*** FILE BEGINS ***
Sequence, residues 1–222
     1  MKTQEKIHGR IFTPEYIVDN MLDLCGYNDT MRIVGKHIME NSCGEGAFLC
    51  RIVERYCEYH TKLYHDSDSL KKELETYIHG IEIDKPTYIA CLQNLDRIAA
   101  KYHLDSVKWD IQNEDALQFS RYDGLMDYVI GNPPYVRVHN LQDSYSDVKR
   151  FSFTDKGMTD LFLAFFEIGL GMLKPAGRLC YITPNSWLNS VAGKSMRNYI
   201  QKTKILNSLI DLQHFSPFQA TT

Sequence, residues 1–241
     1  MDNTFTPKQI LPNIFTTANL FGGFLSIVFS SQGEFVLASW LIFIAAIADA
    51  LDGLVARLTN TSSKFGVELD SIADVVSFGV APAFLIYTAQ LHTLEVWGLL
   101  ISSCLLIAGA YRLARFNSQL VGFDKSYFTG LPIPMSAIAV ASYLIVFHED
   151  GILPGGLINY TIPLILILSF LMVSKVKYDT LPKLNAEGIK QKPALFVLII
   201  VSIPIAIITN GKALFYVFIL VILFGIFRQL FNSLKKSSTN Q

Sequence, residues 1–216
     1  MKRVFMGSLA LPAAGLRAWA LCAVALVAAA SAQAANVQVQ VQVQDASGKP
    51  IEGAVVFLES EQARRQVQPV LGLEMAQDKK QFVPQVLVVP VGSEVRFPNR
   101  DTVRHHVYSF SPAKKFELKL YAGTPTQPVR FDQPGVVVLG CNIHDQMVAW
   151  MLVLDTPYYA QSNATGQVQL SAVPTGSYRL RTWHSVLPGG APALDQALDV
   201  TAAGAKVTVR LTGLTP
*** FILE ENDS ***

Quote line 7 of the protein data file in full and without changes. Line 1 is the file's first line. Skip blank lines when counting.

Sequence, residues 1–241